Four-qubit quantum processor is first demonstrated in Russia

Russian Scientists from the laboratory of Superconducting Metamaterials at MISIS University in collaboration with their colleagues from MIPT managed to implement a four-qubit quantum processor for the first time in Russia. The processor allows the demonstration of the Controlled-Z gate with fidelity higher than 97%. The experiment was carried out on the superconducting integrated quantum circuit developed and fabricated at the laboratory of Artificial Quantum Systems at MIPT.

Superconducting qubits are efficient and promising quantum objects for developing and implementing quantum computations. At the moment, the most commercially successful superconducting qubits are transmons, which have been actively used in quantum research of the world’s leading laboratories for the past ten years. Scientists at the Superconducting Metamaterials laboratory at MISIS University are also actively engaged in the research and development of superconducting qubit processors.

In the present study, MIPT scientists developed a transmon-based quantum integrated circuit for quantum simulations, that contains five capacitively shunted charge qubits, one of which was not used in this experiment. The qubits are electrically connected to each other and can implement two different types of interaction: swap energy between qubits and controlled change of each other’s phase in the |0⟩ and |1 ⟩ superposition.

The first type of interaction is used in quantum machine learning experiments, while the second one is convenient for implementing a CZ operation, which is the rotation of one qubit controlled by another qubit, which is necessary to create quantum entanglement in the scheme. This operation is very useful for various quantum algorithms.

To implement the non-destructive reading of qubits utilizing individual microwave resonators, the researchers used a broadband Josephson parametric amplifier, jointly developed by MIPT and MISIS scientists.

The experiment was conducted at MIPT on November 8. Both the equipment and the program code were provided by the scientists of MISIS University. This program code was developed earlier to demonstrate two-qubit operations on the two-qubit fluxonium-based quantum processor and allowed implementation of the calibrated CZ operation with a fidelity higher than 97%.

“Scientists from MISIS University for the first time in Russia have experimentally implemented algorithms of cross-entropy benchmarking and quantum process tomography. They now can be implemented to estimate the fidelity of any single- and two-qubit gate operations on superconducting qubit systems,” said Ilya Moskalenko, a researcher in the Superconducting Metamaterials laboratory at NUST MISIS.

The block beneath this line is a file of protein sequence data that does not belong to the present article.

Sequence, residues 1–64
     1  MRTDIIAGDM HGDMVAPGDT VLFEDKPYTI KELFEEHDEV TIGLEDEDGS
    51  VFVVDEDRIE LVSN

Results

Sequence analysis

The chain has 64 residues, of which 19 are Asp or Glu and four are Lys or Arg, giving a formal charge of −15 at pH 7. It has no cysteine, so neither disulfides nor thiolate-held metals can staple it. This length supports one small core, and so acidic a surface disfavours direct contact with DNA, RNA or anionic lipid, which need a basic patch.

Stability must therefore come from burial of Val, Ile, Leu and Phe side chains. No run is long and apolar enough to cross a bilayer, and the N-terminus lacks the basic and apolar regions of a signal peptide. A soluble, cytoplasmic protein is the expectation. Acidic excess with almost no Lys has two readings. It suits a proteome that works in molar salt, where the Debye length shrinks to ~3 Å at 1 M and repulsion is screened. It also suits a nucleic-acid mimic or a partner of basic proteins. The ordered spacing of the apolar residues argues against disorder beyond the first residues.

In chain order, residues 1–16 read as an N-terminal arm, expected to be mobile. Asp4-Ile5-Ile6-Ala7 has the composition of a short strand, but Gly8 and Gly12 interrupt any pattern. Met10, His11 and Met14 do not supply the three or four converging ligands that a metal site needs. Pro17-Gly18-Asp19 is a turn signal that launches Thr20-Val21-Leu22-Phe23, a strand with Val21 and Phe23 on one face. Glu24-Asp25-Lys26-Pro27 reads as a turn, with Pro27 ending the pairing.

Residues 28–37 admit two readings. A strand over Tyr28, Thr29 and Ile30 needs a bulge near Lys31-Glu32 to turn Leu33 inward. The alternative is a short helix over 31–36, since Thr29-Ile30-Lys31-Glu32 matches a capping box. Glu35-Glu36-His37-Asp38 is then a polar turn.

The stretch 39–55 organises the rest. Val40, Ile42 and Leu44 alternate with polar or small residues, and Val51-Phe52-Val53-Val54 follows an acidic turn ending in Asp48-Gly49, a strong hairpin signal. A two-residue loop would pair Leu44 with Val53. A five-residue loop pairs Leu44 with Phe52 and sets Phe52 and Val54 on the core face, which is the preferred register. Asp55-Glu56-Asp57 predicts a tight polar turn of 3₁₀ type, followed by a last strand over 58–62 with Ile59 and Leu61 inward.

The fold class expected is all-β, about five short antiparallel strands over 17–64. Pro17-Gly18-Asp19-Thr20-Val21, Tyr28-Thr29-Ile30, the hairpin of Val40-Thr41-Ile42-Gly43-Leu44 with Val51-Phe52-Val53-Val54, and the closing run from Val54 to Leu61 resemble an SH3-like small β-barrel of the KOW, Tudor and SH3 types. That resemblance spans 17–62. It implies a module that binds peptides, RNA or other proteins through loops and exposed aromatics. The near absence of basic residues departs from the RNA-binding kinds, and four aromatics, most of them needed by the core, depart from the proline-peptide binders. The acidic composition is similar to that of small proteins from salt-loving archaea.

“We managed to show highly efficient quantum operations on the 4-qubit system, which is a unique achievement for Russian quantum technologies. During the experiment, the time of a single logical operation is about 0.025 μs. This duration allows the implementation of more than 3200 gates during the lifetime of the quantum processor’s state. During the fabrication of the quantum integrated circuit, MIPT technologists have worked out important features of the technological process, which allowed us to significantly improve the key characteristics of qubits,” said Oleg Astafiev, Head of the Artificial Quantum Systems laboratory at MIPT.

The demonstration of this experiment shows that the level of the technology and the experimental capability achieved during the cooperation of MIPT and MISIS University scientists is sufficient for the implementation of medium-scale quantum devices without error correction. The next stage of the joint project will be focused on the development and testing of 8-qubit quantum simulators and processors.

Fig. 1. Optical microscope photograph of quantum integrated circuit (false color). The circuit consists of 5 qubits (the capacity of one of them is marked in green) connected with resonators (red) for individual readout. Each qubit has its magnetic flux bias line and microwave antenna for single-qubit gates (blue and yellow, respectively).

Fig. 2. a,b) Results of the quantum processes tomography (data in two-qubit Pauli representation). The CZ rotation process reconstructed from experimental data (a) is compared with the ideal one (b). c) Results of the cross-entropy benchmarking. The fidelity of a single CZ operation averaged over all qubit pairs is 97.38%.